3.       The Petitioner is not questioning the value of the land or personal property as assigned by the Assessor. [Exhibit 1, p. 67].


4.       The Assessor’s field agents visited the property and took pictures and measurements to verify the characteristics and measurements of the improvements. The Petitioner has not presented any evidence that the measurements or characteristics are incorrect. [Transcript, p. 30].


5.       The Assessor used the cost method to value the improvements by using the Computer Assisted Mass Appraisal (CAMA) system to input the characteristics and the measurements. The CAMA system then utilized the Boeckh cost tables with adjustments to assign a value to the characteristics and measurements. [Transcript, p. 32]. The method used is a cost method using the assistance of a computer.


6.       The Boeckh cost table is a national model of the average cost of specific attributes and measurements. The values derived from the Boeckh tables for each improvement are then added to derive a base cost. [Transcript, p. 48].


7.       There are adjustments to the base cost derived from the application Boeckh tables. The adjustments in this valuation consisted of a story height adjustment, and a percent good adjustment. [Exhibit A, pp. 127-130]. There were not adjustments for time and location or market.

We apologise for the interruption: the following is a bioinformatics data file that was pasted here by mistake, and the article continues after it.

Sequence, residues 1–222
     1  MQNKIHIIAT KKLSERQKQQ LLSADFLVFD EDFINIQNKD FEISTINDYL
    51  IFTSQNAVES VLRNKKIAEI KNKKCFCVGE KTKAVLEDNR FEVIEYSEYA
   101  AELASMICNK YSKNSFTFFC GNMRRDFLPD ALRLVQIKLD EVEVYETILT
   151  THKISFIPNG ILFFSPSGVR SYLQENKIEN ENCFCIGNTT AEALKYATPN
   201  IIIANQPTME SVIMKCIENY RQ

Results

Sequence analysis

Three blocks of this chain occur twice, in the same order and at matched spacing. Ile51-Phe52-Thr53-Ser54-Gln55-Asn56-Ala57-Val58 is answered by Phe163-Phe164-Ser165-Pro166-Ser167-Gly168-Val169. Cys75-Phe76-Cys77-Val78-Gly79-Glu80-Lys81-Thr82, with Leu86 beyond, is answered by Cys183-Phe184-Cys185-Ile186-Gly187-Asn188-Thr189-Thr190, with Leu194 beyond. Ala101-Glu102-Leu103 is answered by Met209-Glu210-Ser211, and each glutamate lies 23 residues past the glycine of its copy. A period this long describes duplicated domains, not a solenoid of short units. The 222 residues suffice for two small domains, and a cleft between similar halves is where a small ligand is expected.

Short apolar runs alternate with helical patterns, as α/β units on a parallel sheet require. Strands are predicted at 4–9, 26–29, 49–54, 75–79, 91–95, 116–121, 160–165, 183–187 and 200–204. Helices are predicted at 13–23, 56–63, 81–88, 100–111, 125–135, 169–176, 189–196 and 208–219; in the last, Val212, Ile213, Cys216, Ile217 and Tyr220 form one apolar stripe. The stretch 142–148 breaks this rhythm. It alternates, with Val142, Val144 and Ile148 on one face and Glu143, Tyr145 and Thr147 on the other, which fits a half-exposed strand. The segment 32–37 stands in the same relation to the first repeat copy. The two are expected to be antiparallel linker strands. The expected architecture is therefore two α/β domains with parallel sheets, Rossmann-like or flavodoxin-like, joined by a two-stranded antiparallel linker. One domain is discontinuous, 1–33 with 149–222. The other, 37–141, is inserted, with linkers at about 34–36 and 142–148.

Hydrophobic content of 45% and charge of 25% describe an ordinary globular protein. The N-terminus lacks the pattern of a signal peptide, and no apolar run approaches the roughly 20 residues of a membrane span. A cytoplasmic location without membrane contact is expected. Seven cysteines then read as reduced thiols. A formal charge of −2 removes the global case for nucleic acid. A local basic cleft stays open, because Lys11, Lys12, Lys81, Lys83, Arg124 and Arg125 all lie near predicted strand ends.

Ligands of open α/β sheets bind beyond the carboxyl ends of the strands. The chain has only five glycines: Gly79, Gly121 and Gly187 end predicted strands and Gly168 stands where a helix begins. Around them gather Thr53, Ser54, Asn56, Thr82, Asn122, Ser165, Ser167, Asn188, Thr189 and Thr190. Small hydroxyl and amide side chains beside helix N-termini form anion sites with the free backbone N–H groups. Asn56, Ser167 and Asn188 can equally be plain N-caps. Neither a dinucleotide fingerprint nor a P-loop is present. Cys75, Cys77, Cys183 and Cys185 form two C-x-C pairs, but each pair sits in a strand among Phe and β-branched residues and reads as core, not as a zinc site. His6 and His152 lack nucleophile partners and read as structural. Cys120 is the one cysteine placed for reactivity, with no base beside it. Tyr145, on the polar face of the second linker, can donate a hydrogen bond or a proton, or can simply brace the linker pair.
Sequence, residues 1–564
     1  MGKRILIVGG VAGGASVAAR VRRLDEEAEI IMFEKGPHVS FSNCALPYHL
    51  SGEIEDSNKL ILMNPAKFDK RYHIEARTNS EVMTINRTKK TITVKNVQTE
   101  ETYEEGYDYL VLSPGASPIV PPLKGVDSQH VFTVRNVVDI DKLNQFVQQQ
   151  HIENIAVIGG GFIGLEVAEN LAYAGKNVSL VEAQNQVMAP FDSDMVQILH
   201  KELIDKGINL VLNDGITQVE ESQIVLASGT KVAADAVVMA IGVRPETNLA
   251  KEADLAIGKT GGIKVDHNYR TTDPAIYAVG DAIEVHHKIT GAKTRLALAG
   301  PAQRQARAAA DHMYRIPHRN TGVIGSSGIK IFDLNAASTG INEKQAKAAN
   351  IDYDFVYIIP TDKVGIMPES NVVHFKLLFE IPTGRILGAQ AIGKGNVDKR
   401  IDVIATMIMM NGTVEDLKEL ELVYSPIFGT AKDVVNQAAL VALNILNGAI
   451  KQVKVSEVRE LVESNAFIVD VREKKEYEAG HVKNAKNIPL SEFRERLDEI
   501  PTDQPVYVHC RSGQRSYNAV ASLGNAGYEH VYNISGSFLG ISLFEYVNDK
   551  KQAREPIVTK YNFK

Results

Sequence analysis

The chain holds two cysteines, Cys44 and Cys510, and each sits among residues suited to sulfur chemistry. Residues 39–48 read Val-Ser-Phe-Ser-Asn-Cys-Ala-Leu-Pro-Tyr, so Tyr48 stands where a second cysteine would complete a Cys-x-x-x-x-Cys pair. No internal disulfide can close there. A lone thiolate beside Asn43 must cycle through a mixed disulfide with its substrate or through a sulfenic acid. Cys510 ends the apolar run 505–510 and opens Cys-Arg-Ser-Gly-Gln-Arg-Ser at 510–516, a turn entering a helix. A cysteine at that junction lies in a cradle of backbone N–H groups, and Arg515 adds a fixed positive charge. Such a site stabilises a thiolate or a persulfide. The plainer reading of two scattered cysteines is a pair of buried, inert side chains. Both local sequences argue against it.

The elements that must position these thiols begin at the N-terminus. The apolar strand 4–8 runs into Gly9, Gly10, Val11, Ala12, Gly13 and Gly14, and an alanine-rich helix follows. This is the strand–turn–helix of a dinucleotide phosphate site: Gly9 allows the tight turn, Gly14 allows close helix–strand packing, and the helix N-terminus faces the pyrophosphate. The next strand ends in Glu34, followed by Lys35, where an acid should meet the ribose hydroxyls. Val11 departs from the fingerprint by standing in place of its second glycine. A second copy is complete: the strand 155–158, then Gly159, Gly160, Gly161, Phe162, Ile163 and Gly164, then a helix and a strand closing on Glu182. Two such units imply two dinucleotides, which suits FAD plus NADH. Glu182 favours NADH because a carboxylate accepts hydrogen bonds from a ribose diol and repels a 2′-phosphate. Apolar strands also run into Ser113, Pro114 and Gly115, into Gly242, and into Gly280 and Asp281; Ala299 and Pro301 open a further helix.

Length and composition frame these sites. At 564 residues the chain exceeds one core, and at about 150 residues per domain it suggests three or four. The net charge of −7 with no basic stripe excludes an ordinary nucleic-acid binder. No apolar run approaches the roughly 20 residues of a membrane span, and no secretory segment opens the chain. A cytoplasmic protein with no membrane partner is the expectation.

8.       The Assessor derived a value for the improvements from the CAMA system as follows:






Total Improvements



[Exhibit A, p. 125]  


9.       The Petitioner believes the value of the improvements to be $34,461,195. [Exhibit 1, p. 67, Exhibit A, p. 130; Transcript, p. 33].


10.     Petitioner presented four contracts dated in 2001 for the construction of the improvements. The total of the those contracts were $34,461,195. Those contracts were as follows:


Architect and Engineer Fees


Steel Contracts


Wall Panels


Construction Contract





[Exhibit 1, pp. 67-109].